Five Reasons Business Owners Need Estate Plans
Business owners are notorious for engrossing themselves in the day-to-day management and functions of their businesses. As a business owner, you are likely the heart and soul of the company you lead. Your clients love you, and you have built unique relationships with your contractors and suppliers.
Suppose, however, that tragedy strikes: You, as the business owner, are in a car accident and are severely injured or killed, leaving you unable to make decisions or care for yourself and your family. What will happen to your business in such a situation? We do not know what tomorrow holds. Circumstances like this can happen to anyone at any time. Consequently, business owners must proactively develop robust estate plans. Here are five reasons why business owners need an estate plan:
1. To ensure the continuity of your business.
When there is no estate plan in place for a business owner, there is no plan for addressing how the business will continue without its key employee: the owner. In many instances, the business owner’s company is a primary source of income for the owner’s family. The absence of that income could be devastating for the individuals dependent upon the business. The impact could be far-reaching, as the business may also have employees who rely on its continuity. Without an estate plan, there is no clear indication as to whether the company should continue to operate, and if it does continue to operate, how it should function. Create an estate plan so that you, your family members, your employees, and your clients will not be severely impacted by the disruption that is likely to occur in your absence.
2. To protect the wealth you have created.
A business owner's endeavors are often extremely lucrative, resulting in significant wealth creation. If there is little to no estate planning in place, that wealth is exposed and becomes vulnerable to creditors and predators. If the business owner dies and leaves a simple will or, even worse, no will at all, the owner’s money and property will have to go through a probate court process. During the probate process, a judge decides how the deceased's assets should be divided and approves the distribution of items. Probate is a public process that is reflected in court records that are accessible to anyone. This means that information about the money and property you own will become public information.
Additionally, without proper estate planning, what you have left to your loved ones could be exposed to creditors trying to satisfy debts or to predators interested in benefiting from the wealth you created. For example, a disgruntled spouse of your child could attempt to take portions of your child's inherited wealth in divorce proceedings. A well-thought-out estate plan employs tools to protect against these situations. While a will can record your decisions, legal documents that are not available to the public such as trusts, buy-sell agreements, and personal and company agreements are often more beneficial for business owners.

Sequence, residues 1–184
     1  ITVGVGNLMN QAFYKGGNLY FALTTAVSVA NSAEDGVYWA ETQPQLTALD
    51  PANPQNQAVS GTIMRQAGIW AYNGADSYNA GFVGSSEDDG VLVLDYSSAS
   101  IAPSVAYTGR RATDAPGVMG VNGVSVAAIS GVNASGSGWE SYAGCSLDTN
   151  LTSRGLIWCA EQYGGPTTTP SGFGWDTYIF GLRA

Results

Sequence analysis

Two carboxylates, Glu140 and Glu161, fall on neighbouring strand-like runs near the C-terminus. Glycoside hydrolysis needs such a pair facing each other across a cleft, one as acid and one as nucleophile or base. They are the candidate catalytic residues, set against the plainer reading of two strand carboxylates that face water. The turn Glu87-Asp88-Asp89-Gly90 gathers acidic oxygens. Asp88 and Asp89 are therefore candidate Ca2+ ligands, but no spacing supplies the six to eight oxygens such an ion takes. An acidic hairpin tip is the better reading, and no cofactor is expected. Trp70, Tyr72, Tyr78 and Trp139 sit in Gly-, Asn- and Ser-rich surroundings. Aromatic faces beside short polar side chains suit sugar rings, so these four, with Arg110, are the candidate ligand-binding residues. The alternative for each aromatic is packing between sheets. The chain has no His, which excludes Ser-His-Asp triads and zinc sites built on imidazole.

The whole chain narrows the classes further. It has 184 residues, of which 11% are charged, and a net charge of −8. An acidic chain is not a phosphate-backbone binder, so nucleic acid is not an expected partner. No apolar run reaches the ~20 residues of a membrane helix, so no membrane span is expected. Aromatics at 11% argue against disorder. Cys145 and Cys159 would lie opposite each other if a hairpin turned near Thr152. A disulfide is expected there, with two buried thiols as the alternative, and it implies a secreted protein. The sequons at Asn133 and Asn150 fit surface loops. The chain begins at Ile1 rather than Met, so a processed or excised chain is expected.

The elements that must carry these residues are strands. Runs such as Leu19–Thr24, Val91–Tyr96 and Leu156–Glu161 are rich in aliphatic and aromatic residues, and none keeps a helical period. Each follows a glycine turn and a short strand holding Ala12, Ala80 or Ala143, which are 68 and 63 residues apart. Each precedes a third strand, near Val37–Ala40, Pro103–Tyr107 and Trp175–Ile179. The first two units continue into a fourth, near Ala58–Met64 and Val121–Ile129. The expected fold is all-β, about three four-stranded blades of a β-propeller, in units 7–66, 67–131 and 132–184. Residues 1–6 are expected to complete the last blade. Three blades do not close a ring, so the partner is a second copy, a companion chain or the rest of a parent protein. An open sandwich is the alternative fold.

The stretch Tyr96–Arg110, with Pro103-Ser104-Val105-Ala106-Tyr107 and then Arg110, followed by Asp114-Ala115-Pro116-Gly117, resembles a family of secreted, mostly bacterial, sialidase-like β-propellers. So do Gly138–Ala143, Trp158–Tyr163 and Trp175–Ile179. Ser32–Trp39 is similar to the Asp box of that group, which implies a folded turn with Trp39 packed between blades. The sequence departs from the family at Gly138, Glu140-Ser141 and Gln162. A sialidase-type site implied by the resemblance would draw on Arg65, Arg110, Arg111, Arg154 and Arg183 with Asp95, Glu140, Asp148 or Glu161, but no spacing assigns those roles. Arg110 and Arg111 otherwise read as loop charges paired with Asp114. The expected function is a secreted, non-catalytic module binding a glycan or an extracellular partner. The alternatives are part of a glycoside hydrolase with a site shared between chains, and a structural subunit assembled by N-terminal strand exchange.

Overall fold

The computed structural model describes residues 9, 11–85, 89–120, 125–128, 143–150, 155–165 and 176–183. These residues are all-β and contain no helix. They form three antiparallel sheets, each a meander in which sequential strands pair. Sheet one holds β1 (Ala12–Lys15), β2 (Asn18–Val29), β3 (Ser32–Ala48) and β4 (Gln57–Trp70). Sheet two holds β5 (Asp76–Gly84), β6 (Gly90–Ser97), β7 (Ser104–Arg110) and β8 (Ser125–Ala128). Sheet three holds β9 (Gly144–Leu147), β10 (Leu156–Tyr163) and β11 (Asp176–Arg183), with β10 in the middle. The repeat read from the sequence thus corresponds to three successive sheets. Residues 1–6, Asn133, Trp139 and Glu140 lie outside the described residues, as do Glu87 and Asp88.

3. To avoid default state laws.
Particularly when it comes to limited liability companies (LLCs), there are default rules about what happens to a business in the event of a business owner’s death or incapacity that may not align with your goals. For example, under some states’ statutes, an LLC must be dissolved when the last surviving member of the LLC passes away. Some state laws allow a business owner's economic rights to pass to the owner’s family members without management or decision-making authority. If a business owner does not want surviving family members to be hamstrung in this way, the owner can leave instructions for handling these situations in the owner’s estate and business planning documents.
4. To minimize estate and gift taxes.
You may be subject to substantial estate and gift taxes if your business endeavors have produced a significant amount of wealth. Without a proper estate plan, your family members could lose out on a substantial portion of your wealth to satisfy these taxes. Business owners who have put a carefully considered estate plan into place can avoid this. The tax-saving strategies you employ will help you leave your wealth to the people you love without subjecting them to a significant tax burden.
5. To provide guidance and establish your legacy.
Arguably the most important reason to complete your estate plan is to firmly establish your legacy for your loved ones by leaving guidance about how to run your business. For years, you built your business and guided your team by providing insight and inspiration. That guidance is what makes the real difference. The process of creating your estate plan can help you answer the following questions:
● What are the core principles and values that drive you?
● What is the business's mission?
● Who will lead the charge next?
● What will happen to your clients?
● What will happen to your employees?
● Can the business be bought out?
If you would like to create an estate plan, we are here to help. We have a team of experienced attorneys who have helped many clients create estate plans that protect the people they love and the legacy they have created. Call our office to schedule an appointment to learn about our process and receive answers to any questions you may have.
Give us a call at 314-759-6400.
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 Jessica Elliot, Small Business KPIs: What Are the Numbers That Matter?, CO (Apr. 20, 2022), https://www.uschamber.com/co/run/finance/measure-small-business-kpi.  Payroll Year-End Checklist, ADP, https://www.adp.com/resources/tools/tax-guides-and-forms/year-end-checklist.aspx (last visited Jan. 9, 2023).